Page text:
Lawsuit filed in E. coli death of Md. woman
Calif. company accused of negligence in outbreak linked to tainted spinach
A federal lawsuit was filed today on behalf of an elderly Hagerstown woman whose attorneys claim died as a result of eating tainted spinach.
Unspecified damages -- the amount to be determined at trial -- are being sought for the death of June Dunning, 86. The lawsuit suit claims she died last month after eating raw spinach tainted with the same E. coli bacteria strain identified in the outbreak.
The Maryland Department of Health and Mental Hygiene has ruled out three of the state's four pending E. coli cases as being part of a national outbreak linked to tainted spinach.
The fourth case, involving the death of an elderly woman, remains under investigation, state officials have said. Maryland health officials have not identified the woman, but family members have said it was Dunning.
Natural Selection Foods LLC San Juan Bautista, Calif., and Natural Selections Foods Manufacturing are named as defendants in the suit filed today, along with Dole Food Co. of Westlake Village, Calif. A spokeswoman for Natural Selection Foods did not immediately return a call today seeking comment.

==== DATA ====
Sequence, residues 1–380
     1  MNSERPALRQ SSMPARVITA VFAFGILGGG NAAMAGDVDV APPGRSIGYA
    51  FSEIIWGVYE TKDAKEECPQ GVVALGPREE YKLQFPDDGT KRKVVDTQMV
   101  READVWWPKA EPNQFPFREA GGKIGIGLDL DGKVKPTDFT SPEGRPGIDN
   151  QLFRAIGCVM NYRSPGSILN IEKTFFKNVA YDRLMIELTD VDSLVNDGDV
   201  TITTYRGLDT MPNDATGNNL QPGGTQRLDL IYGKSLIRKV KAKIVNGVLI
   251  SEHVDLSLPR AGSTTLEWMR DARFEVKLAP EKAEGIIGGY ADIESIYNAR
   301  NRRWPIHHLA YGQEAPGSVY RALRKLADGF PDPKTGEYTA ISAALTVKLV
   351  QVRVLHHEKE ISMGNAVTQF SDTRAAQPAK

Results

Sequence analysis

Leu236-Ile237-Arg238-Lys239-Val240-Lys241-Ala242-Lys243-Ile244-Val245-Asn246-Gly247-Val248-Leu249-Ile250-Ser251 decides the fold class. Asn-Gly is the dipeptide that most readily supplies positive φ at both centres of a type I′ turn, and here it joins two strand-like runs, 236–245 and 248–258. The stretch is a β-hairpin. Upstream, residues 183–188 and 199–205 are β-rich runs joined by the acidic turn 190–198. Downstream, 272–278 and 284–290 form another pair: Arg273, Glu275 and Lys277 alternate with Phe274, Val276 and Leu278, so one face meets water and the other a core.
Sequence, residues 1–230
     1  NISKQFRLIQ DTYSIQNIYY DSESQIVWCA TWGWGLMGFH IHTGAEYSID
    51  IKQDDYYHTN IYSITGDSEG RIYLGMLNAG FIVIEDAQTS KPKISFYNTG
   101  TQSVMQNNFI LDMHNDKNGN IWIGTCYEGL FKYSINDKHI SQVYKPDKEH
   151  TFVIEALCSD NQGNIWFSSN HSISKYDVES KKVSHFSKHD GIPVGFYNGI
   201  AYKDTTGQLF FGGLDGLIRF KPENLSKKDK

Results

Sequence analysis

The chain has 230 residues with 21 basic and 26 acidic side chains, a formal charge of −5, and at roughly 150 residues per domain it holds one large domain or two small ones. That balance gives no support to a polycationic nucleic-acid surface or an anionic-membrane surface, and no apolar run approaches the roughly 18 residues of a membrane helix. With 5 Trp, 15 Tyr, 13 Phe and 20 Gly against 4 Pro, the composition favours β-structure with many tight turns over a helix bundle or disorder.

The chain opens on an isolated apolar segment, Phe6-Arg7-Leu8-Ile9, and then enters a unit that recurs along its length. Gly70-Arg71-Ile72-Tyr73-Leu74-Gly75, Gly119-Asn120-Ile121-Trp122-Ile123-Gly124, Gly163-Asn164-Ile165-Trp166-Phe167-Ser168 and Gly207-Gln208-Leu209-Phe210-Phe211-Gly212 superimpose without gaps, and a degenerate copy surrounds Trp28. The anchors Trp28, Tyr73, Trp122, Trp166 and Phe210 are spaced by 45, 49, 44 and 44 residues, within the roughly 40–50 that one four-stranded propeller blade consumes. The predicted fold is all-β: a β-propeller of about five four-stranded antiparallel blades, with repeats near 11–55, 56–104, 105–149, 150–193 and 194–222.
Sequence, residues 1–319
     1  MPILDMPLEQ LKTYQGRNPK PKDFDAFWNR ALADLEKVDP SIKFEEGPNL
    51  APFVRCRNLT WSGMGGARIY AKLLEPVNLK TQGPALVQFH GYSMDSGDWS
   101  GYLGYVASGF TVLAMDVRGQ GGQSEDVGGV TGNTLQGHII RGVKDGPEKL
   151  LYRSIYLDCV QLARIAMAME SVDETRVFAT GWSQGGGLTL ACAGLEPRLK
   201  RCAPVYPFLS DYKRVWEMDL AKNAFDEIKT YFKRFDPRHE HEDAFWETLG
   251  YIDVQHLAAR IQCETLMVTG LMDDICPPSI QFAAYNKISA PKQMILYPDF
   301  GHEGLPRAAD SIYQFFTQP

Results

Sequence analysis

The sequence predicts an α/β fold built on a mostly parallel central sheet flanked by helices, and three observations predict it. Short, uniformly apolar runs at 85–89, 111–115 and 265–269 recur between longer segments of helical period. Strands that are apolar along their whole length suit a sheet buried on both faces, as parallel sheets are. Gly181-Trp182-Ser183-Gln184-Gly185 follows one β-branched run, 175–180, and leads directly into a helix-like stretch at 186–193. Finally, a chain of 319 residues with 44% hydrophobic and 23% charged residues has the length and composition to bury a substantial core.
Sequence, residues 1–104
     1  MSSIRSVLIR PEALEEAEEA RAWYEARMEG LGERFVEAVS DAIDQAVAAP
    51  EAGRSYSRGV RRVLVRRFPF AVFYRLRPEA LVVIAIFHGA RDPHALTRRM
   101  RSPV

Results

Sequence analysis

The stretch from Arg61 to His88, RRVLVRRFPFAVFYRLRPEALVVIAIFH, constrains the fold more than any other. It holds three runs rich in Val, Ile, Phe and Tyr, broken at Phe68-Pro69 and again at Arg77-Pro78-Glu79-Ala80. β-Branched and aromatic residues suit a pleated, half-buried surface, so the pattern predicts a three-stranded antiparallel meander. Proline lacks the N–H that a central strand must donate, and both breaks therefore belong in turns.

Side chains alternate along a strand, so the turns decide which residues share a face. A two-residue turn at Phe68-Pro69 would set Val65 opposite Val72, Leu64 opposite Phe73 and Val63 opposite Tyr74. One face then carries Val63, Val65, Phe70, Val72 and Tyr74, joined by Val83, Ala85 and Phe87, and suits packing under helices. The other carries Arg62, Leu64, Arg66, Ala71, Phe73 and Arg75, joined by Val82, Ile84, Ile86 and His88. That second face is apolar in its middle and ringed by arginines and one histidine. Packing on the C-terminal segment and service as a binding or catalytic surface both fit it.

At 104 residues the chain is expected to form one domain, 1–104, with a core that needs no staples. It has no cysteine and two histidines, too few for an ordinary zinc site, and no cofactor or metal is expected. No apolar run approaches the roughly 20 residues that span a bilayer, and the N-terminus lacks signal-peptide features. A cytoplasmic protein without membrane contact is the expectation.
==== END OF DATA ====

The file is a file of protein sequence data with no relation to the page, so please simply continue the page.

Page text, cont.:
Three people have died and 200 people nationwide have been hospitalized for illnesses caused by tainted spinach. Along with the spinach outbreak, suspected E. coli contamination also recently prompted recalls of lettuce and ground beef. The outbreak marked the 20th time lettuce or spinach has been blamed for illnesses since 1995.
The spinach outbreak has been tracked to plants grown in California's Salinas Valley. Natural Selection Foods, the company at the center of the crisis, has begun sampling every lot of greens and holding shipments until test results come back.
The cause of the outbreak has not been determined.
The E. coli bacteria can be found in animal and human feces and can be transmitted to produce through contaminated water, inadequate hygiene and animals that wander onto fields.
The FBI has searched processing plants for evidence of problems and state investigators are looking into contamination from manure, irrigation water or even workers relieving themselves in fields.
The suit claims the defendants breached their duty to provide food fit for human consumption by failing to properly supervise, train and monitor their employees.
"The defendants failed to do so and were therefore negligent," the suit claims.
On the Net
Federal Centers for Disease Control tainted spinach page:
Food and Drug Administration:
U.S. Department of Agriculture: